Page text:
1) Question everything. Particularly, question your own, most closely-held beliefs. Are they collectivist, of the coercive sort? It does you no good to question other's beliefs. You must honestly question your own so if you find you have been propagandized into some position that doesn't fit with your values, you can set yourself right. (This is all too common—there is even a phrase describing it, "cognitive dissonance". It is common because the propaganda machine of the state has planted its lies deep within us at childhood, and reinforces those lies all through our lives via the media. I catch myself in this respect, at times, even in my 60's.) Don't worry, if your closely-held beliefs are worth a damn, then they can stand a little questioning. If not, then maybe you should change them!
2) Keep in mind that the world is 90% bullshit. That which passes for conventional wisdom is often little better than self-serving propaganda.
3) Don't go following the herd—even if that includes your closest friends. The instant everybody wants to go off in some direction, is the time you should be putting the brakes on and start asking, "Why?"
4) There are people whose job it is to manipulate YOU. They are very practiced at it. Keep your eyes peeled for them.
5) Try to imagine people as individuals. Then, treat them as individuals. Don't listen when some characteristic is applied to some group of people. If you are, say, a "white", Christian male, you aren't the same as every other "white" Christian male, are you? If one "white" Christian male is dishonest, does that make you dishonest? If you want to be treated as an individual rather than as a maligned ignorant minority, treat others as individuals. Golden rule...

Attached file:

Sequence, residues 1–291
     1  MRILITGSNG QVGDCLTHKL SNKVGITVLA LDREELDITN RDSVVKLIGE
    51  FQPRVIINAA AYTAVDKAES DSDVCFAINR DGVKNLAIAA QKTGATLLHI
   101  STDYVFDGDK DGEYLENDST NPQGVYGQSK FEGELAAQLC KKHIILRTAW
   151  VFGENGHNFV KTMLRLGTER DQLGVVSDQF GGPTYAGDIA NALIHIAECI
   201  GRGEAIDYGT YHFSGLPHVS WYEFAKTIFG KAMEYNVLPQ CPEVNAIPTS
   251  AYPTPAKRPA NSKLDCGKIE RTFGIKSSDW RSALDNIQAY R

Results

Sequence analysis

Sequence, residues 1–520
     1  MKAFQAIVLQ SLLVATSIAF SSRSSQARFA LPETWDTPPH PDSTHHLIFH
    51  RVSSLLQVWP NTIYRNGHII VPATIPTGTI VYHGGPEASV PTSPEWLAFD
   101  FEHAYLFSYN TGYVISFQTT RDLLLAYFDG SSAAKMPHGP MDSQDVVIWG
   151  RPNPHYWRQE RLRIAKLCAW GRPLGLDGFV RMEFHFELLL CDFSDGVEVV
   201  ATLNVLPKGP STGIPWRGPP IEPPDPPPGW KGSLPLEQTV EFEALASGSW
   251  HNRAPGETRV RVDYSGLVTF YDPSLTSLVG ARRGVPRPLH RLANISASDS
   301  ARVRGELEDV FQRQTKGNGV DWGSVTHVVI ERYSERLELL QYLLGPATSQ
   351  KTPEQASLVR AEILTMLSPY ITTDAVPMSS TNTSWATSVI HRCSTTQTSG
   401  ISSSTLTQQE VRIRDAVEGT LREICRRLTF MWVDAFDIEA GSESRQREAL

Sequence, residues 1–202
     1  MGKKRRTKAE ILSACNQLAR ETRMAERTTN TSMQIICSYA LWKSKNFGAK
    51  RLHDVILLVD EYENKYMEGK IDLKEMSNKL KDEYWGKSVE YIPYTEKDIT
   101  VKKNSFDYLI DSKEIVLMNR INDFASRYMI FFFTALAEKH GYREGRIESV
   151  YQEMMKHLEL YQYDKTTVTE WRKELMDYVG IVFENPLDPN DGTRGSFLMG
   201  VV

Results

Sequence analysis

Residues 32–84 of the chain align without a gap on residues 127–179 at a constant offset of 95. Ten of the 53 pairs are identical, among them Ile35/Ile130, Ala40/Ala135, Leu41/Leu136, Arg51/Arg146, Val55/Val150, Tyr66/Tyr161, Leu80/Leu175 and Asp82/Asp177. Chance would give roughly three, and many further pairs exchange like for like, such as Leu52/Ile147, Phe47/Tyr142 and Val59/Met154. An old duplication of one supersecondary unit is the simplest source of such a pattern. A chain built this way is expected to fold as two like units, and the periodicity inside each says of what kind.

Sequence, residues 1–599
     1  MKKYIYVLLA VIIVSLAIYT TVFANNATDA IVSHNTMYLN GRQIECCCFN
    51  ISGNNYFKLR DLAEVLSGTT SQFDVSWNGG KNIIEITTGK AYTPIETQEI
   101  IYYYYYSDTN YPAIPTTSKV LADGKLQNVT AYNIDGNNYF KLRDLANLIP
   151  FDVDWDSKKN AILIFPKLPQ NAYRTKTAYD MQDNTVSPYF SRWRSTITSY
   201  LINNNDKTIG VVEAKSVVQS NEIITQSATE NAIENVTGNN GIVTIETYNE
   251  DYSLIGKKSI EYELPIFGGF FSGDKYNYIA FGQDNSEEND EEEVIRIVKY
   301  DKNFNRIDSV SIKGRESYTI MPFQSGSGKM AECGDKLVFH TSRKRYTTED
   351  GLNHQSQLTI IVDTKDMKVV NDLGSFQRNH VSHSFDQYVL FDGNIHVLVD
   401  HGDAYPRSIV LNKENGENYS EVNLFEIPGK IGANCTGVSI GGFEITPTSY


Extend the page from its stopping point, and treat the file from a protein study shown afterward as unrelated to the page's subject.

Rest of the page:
6) Get control of your fear. Fear is one of the main tools of the state. Do you fear being bombed by some Koran-spouting terrorist? Seriously? Try to get a handle on the actual threats you face, where the risks really lie. Read some history, do the math, whatever it takes to calm yourself. Figure out who your real enemies are, the ones with both the means and the motivation to crush or control you. Figure out who harms you on an ongoing, daily basis (can we say, "taxes"?). Collectivism is often if not always enabled by fear and by dehumanizing others. Don't let the manipulators put you into that state.
It's unbelievable some time, how far some people are willing to go in the collectivist direction once they have allowed themselves to be manipulated. The latest flap about immigration is one example. I don't know how many "conservatives" I have heard willing to go along with such liberty-trashing measures as national IDs and government permission slips for work, just to avoid having some guy named "Jose" at the same grocery store he is shopping in. The irony is that many of these might have (for example) Irish ancestors, who were the "Jose's" of the 19th Century. Sheesh, people, read a little history. Put yourself in others' shoes for once.
If someone calls you a collectivist, that should be a little warning bell telling you a self-examination is called for. Unless you want to live on a commune, stop being a collectivist!